If you have questions about new or old changes to California’s Paid Family Leave or other legislative change, contact a Jackson Lewis attorney to discuss.

The California 2020 legislative session has closed, and employers should be preparing for 2021 by updating policies and procedures. Employers should ensure that the minimum wage for non-exempt employees’ wages will be appropriately increased for 2021. Since 2017, California has been working its way up to an eventual $15 minimum wage. Industry groups rallied for “pausing” 2021’s increase, but to date, there is no indication this will happen.

On January 1, 2021, the state minimum wage will increase to $14.00 for employers with 26 employees or more, and to $13.00 for employers with 25 employees or less, unless the employees perform work in one of the many cities that have their own local minimum wage ordinance.   Employers should review non-exempt employee wages and make appropriate adjustments to ensure compliance for 2021.

While many employers are familiar with the need to increase non-exempt employees’ wages as state minimum wage increases on January 1st, employers might overlook the need to also increase some of their exempt employees’ salaries to meet the salary basis requirement of California law.

Exempt employee’s salaries must meet a certain threshold for the employees to be exempt under the executive, administrative, and professional exemptions. In California, exempt employees must receive a salary of at least twice the state minimum wage for a 40-hour workweek, in addition to meeting the general duties and other requirements. For 2021, this means exempt employees must receive a minimum annual salary of $58,240 for employers with more than 26 employees, and $54,080 for employers with 25 employees or less.  The base salary must be fixed and recur each pay period without variance due to hours, quantity, or quality of work performed.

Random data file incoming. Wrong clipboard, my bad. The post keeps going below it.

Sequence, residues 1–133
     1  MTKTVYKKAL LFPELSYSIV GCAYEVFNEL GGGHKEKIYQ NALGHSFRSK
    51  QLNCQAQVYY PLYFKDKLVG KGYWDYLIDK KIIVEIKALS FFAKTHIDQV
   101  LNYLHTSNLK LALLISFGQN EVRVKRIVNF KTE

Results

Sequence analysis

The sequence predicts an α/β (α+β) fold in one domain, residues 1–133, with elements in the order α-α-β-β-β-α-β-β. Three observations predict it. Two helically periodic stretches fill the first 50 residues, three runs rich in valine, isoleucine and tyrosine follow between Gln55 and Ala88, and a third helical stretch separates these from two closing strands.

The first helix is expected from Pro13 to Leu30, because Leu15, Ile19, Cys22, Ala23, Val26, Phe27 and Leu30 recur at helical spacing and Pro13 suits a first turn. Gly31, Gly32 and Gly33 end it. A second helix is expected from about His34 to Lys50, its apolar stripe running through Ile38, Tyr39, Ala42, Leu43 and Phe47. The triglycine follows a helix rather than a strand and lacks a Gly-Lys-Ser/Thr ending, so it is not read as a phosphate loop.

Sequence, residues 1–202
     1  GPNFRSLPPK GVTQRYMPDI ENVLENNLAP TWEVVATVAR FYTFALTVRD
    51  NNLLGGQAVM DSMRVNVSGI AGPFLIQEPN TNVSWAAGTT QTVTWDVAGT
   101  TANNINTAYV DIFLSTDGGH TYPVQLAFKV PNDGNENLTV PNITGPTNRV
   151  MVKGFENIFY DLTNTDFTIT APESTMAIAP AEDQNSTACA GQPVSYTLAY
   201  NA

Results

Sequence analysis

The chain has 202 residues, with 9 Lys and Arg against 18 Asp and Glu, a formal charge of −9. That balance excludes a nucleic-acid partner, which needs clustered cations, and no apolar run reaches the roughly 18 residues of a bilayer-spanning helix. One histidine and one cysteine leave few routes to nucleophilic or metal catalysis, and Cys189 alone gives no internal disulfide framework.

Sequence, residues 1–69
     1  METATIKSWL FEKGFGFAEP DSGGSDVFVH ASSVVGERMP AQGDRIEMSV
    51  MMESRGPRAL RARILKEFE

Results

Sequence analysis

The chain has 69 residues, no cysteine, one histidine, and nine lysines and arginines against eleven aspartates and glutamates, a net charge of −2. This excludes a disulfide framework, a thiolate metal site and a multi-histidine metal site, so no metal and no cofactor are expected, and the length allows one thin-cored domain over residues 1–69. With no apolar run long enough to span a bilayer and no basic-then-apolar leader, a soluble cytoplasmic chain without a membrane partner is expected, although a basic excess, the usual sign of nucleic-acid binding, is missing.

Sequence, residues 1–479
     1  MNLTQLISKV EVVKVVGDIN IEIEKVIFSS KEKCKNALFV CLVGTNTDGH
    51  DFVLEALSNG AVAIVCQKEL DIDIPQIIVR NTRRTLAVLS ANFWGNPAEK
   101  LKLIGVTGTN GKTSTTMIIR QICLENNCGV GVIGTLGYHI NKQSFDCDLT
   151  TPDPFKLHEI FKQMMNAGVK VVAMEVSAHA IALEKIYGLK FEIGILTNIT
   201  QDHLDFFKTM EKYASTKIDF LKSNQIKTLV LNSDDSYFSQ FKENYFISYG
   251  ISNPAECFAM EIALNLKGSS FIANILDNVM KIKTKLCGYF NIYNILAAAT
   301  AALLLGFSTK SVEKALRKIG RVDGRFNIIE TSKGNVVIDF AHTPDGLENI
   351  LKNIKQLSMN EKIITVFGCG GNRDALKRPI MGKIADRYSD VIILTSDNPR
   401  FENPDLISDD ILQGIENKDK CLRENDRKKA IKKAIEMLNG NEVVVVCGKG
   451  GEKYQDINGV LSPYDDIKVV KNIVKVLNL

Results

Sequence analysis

For certain exempt positions, the Department of Industrial Relations (“Department”) annually sets the minimum salary requirement by following a formula set by the California Labor Code. This month the Department released the salary requirements for Computer Software Employees, Physicians, and Surgeons.

Computer software employees in 2021 may be exempt from overtime if their hourly rate is not less than $47.48, the minimum monthly salary requirement is not less than $8,242.32, and the annual salary requirement is $98,907.70.

If you have questions about employee pay, exemptions from overtime, or related wage and hour issues, contact a Jackson Lewis attorney to discuss.